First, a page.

Pendleton: Dozens of baby hawks, desperate to escape a blast of early summer heat in recent weeks, bailed from their nests and plummeted to the ground. Calls poured into Blue Mountain Wildlife day after day as temperatures pushed beyond 110 degrees across Eastern Oregon. Lynn Tompkins told the East Oregonian that she hadn’t seen anything like it in her 30 years as director of the wildlife rehabilitation center outside Pendleton. “They had no choice,” said Tompkins, 68. “It was just too bloody hot to survive.” In all, the center took in nearly 50 nestling Swainson’s and Cooper’s hawks after they leaped from their nests in the extreme heat wave that baked the Pacific Northwest. Thirteen of the raptors suffered injuries severe enough that they had to be euthanized. “We knew the temperature was going to spike beforehand, and we assumed we might get a few more calls,” said Trisha Marquez, a volunteer who fielded the calls and who is Tompkins’ niece. “But we did not expect this at all.” The influx was more than the small staff could handle. They hardly had the space to put them all and, eventually, asked people to turn on their sprinklers and hoses and set out pans of water for less-injured birds to cool themselves down.
Pittsburgh: A museum has returned to public view a 19th-century diorama that shows lions attacking a camel and its human rider, about a year after covering it up in response to complaints about how the courier was depicted. The Pittsburgh Tribune-Review reports a curtain around “Lion Attacking a Dromedary” at the Carnegie Museum of Natural History was removed a week ago, and information was posted to address the controversy. X-rays have confirmed that the figure contains a human skull and jaw, presenting an ethical problem for the museum, which does not know where those remains originated. The courier’s costume has been determined to be derived from at least five separate North African cultures. A new sign tells museum patrons that the exhibit, which vividly depicts two lions attacking a camel and its knife-wielding rider, is popular but reinforces stereotypes. “For the present, the museum is keeping the diorama on display,” the sign says. “We want to engage with visitors, staff, and community members to listen and learn from you as we consider the future of this diorama.” Museum director Gretchen Baker told the paper the curtains “were more harmful than not having them up at all,” and in hindsight covering the exhibit may not have been the right approach. The French-built diorama has been at the Carnegie since 1899.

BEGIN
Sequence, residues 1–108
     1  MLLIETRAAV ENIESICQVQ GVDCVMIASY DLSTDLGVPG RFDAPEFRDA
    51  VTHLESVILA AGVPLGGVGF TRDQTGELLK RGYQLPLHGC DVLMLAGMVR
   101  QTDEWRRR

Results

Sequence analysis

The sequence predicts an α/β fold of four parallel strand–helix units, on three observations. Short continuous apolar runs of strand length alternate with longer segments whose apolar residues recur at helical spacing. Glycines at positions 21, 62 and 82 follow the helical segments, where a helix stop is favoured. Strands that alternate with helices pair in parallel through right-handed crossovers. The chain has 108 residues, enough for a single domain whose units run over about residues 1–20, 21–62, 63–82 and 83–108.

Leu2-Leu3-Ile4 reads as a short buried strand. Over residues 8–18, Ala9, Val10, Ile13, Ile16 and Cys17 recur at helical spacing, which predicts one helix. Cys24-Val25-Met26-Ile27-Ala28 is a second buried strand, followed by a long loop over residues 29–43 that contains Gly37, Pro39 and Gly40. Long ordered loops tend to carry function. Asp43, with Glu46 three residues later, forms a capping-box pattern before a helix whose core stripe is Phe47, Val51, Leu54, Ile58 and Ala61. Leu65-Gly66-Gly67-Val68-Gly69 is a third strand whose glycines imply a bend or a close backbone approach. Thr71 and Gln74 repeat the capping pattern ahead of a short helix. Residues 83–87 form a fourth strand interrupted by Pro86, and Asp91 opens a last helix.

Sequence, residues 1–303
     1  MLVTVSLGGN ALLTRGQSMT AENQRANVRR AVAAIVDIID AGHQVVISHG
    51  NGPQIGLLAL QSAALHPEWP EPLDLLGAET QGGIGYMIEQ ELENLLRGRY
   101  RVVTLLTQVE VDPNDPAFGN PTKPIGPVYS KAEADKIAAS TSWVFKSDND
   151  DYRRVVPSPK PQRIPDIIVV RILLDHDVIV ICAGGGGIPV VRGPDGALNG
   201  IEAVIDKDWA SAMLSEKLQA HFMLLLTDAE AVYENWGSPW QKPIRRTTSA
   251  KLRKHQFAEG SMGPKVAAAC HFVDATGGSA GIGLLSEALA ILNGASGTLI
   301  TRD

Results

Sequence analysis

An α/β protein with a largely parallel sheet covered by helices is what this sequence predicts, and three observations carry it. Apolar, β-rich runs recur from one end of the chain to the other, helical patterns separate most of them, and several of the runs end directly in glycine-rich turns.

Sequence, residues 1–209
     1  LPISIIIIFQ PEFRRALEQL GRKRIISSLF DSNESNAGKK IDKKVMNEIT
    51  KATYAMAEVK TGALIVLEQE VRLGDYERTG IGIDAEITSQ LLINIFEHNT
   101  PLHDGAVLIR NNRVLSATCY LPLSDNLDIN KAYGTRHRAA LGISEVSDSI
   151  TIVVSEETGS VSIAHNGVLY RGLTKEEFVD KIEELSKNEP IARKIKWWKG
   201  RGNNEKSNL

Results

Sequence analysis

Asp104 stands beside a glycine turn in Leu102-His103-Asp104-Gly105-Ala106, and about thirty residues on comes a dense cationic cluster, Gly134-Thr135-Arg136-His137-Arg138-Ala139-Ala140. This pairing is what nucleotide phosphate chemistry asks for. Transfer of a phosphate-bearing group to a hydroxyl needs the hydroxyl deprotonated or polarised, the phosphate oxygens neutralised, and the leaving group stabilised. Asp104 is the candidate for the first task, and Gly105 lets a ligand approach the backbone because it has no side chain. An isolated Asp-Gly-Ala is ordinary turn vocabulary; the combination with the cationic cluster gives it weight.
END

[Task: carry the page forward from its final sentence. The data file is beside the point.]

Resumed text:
Providence: Gov. Dan McKee has vetoed legislation that would make property owners register with the state before listing short-term rentals through online lodging websites, to the chagrin of some concerned about the unregulated nature of the industry. “I cannot support this bill because it will create additional burden for property owners,” the Democratic governor wrote Thursday in a veto message. “Short-term rental concerns, like other property/land use and small business matters, are most effectively addressed at the municipal level.” Some municipal leaders and residents are worried about properties rented on vacation rental websites like Airbnb and VRBO becoming de facto hotels. Calls for a registry increased in the spring after a 22-year-old University of Rhode Island student was fatally stabbed during a party at a rental property in Newport. The proposal was overwhelmingly approved by the heavily Democratic Legislature, which can override McKee’s veto. Senate President Dominick Ruggerio and House Speaker K. Joseph Shekarchi, both Democrats, wrote in a joint statement that they were “disappointed” by the veto.
Columbia: Conservationists have pulled a historic canoe from a river and plan to put it on display. Volunteers with the Chattooga Conservancy hauled the weathered wooden canoe out of the South Carolina side of the Chattooga River on Tuesday after a group of canoeists headed downstream discovered the craft last fall, The State newspaper reports. Archaeologists at the University of South Carolina say the boat could be 200 to 250 years old, a discovery that could shed light on life in the late 1700s. Canoes of that age are rarely found along the Chattooga, a free-flowing mountain river that runs along the Georgia-South Carolina border. Most of South Carolina’s historic canoes have been found in the state’s Lowcountry region, said underwater archaeologist James Spirek. “Up in the mountains on the rivers, they’re a little rare,” Spirek told the newspaper. “It’s interesting to find people were using canoes on some of these wild rivers.” The experts said the canoe was hollowed out using an iron hatchet or ax, suggesting it was made after Europeans settled in the Southeast. A nail was also found at one end of the canoe. Volunteers are expected this week to pull the boat up a mountain slope and down a bank to then float it down a calmer river stretch to move it out of the river corridor for storage or display.